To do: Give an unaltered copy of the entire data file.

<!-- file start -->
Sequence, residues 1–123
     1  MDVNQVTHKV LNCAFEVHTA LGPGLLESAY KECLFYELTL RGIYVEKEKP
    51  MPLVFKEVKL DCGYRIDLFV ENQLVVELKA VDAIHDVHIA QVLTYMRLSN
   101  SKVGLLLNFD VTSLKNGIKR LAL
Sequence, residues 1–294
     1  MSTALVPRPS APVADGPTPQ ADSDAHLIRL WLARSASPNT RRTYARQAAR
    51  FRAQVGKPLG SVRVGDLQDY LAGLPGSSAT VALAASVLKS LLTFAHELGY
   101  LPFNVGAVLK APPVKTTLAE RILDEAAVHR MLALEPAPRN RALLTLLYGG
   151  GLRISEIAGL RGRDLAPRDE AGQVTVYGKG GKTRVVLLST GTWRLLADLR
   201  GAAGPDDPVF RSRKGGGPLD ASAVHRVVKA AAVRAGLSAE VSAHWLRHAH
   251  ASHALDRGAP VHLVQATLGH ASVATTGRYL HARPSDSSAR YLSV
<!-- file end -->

Sequence, residues 1–123
     1  MDVNQVTHKV LNCAFEVHTA LGPGLLESAY KECLFYELTL RGIYVEKEKP
    51  MPLVFKEVKL DCGYRIDLFV ENQLVVELKA VDAIHDVHIA QVLTYMRLSN
   101  SKVGLLLNFD VTSLKNGIKR LAL
Sequence, residues 1–294
     1  MSTALVPRPS APVADGPTPQ ADSDAHLIRL WLARSASPNT RRTYARQAAR
    51  FRAQVGKPLG SVRVGDLQDY LAGLPGSSAT VALAASVLKS LLTFAHELGY
   101  LPFNVGAVLK APPVKTTLAE RILDEAAVHR MLALEPAPRN RALLTLLYGG
   151  GLRISEIAGL RGRDLAPRDE AGQVTVYGKG GKTRVVLLST GTWRLLADLR
   201  GAAGPDDPVF RSRKGGGPLD ASAVHRVVKA AAVRAGLSAE VSAHWLRHAH
   251  ASHALDRGAP VHLVQATLGH ASVATTGRYL HARPSDSSAR YLSV